Besides, isn't it just NICE when the people at a store know you? If I shop a lot somewhere, I want the people there to know this, so that when I send them an email or something, they see that my business should be valued. In a related note, most retail stores today cut costs by paying their employees very little, which causes high turn-over rates and does not make for knowledgeable or motivated sales associates. Almost-gone are the days when you could walk into a store and be greeted by the same genuinely cheerful person, year after year, a person who would call you by your name, ask you how the family is doing, ask you how that new (whatever you bought there last, or talked about buying) is working, and say "we just got these in, I bet you're gonna love'em". Personally, I'd feel great if I were treated like that. And it just doesn't happen anymore. Is that mom-and-pop store employee violating my privacy by remembering what I bought and remembering things about me? Sure, maybe it's less frightening when a person does it, not a computer or a huge greedy faceless corporation, but that person is also primarily doing it for the sake of keeping his store profitable - the fact that he gets to be nice in the process is just a welcomed side-effect. Or am I being too cynical? Maybe I am.

One last interesting point I could bring up is the concept that the information these stores have on you could literally be treated like property. Heck, the stores go through a lot of trouble and expense to acquire that information - it must be worth something! How much? Could you sell it? Who'd buy it?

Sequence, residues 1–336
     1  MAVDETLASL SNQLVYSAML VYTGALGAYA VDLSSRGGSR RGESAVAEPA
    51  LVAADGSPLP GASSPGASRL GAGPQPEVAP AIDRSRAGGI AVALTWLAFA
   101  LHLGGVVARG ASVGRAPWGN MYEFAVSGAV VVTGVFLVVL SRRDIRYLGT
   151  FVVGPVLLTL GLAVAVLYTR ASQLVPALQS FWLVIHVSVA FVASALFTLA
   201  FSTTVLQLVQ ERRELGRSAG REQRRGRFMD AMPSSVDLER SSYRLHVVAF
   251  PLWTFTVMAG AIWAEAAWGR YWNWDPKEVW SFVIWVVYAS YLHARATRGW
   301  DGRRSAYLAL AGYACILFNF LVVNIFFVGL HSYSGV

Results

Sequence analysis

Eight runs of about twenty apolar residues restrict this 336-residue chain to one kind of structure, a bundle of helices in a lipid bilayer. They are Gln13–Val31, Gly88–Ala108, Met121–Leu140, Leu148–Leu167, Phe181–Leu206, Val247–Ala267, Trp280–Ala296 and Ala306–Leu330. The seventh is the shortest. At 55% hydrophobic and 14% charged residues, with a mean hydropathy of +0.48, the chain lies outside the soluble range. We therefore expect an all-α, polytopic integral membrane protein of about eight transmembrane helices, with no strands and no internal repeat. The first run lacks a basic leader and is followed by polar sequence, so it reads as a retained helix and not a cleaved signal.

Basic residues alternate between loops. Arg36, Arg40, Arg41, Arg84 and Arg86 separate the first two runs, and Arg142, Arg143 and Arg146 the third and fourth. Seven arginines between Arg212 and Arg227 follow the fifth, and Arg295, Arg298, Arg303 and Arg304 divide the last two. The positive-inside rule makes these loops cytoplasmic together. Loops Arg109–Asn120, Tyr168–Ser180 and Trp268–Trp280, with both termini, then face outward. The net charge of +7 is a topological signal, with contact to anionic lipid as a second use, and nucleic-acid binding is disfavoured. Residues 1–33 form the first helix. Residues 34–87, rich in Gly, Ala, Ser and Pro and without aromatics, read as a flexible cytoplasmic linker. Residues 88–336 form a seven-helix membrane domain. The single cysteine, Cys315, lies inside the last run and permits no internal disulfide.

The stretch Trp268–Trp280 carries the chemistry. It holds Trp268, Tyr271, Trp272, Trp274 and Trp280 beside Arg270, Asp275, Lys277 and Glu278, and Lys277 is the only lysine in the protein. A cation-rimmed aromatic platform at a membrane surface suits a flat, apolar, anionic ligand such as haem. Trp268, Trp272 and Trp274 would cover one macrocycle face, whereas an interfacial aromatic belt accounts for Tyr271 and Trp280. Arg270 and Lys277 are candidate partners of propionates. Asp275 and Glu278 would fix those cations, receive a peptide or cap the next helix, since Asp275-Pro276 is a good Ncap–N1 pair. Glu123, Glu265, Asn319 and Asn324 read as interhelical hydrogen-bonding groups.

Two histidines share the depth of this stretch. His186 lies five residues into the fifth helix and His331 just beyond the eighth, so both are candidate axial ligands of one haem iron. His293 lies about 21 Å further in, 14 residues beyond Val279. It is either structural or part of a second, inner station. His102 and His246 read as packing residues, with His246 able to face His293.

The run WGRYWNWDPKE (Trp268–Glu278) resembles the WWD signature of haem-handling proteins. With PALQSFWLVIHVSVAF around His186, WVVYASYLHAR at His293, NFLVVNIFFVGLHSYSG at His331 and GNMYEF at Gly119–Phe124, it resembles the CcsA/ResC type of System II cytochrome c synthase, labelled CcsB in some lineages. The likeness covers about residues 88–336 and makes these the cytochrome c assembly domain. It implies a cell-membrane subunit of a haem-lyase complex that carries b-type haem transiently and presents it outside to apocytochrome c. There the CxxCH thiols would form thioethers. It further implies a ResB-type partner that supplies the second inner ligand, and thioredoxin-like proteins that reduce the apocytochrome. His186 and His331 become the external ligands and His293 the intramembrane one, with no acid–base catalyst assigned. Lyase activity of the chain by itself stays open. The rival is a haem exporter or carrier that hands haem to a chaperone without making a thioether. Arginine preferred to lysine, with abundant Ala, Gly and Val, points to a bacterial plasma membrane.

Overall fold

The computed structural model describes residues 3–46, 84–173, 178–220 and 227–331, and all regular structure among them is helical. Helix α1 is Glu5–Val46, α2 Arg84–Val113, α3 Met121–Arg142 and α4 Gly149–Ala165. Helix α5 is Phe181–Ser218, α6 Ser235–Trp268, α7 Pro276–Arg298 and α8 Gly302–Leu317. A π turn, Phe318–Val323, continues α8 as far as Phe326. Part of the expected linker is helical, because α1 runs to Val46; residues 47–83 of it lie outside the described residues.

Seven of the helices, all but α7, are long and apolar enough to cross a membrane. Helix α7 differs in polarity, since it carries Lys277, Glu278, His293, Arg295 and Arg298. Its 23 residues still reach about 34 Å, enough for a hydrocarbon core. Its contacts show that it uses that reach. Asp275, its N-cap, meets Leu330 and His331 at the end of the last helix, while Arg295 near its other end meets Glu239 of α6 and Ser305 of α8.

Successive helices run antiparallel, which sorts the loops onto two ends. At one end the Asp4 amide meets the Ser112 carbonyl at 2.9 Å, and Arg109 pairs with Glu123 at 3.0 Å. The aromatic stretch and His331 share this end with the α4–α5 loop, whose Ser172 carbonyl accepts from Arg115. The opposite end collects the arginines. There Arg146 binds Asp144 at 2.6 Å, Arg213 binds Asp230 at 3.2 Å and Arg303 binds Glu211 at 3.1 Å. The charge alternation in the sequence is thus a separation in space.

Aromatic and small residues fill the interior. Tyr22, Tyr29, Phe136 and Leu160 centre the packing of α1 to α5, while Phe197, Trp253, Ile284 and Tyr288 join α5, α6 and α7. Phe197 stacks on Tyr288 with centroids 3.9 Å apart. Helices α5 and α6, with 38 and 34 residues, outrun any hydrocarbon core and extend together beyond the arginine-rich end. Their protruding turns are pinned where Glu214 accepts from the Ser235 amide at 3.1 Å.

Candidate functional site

It might be useful to treat your "personal information" as property whose ownership is shared between you and the people/company with whom you do business, and who provide you with serivces. Once you tell them your personal information, their privacy policy is a contract that determines how much they own that information, what they can do with it, with whom they can share it. This concept will be brought up again when I talk about information that ends up online, and about how John Battelle feels about this.

One last thing: Sometimes you purchase something, and the price is something like "$300 or $250 after rebate". You buy the thing, pay $300 plus tax, and then when it comes time to get the rebate, you find out the rebate people want information about you, like your career field and occupation title. That's just wrong - it's deceptive and misleading. It assumes your information has no value, since it says you get the rebate without having to provide anything other than $300 (and proof of purchase). At the same time, it's effectively paying you $50 (or whatever) just for your information. That kinda puts a value on it right there. Of course, you can just lie - but then are YOU being deceptive, "selling" information that is inaccurate? Now everything gets REAL confusing. It becomes necessary to formalize the value of your information before we can safely make progress past this mess.

However, one could say that (under some definitions of "privacy"), the information asked for on the rebate (your career field and occupation title) is not really private. What I mean is, if you ever made that information public - such as mentioning your career field and occupation title in some non-private forum, or to someone you did not know well enough to be sure your "secret" would not be spread - then your career field and occupation title are not private. In other words, unless you keep your career field and occupation title a secret (only telling it to people you trust will not tell others, and never revealing it in public where random people could hear/read it), then asking you for this information is NOT a violation of privacy.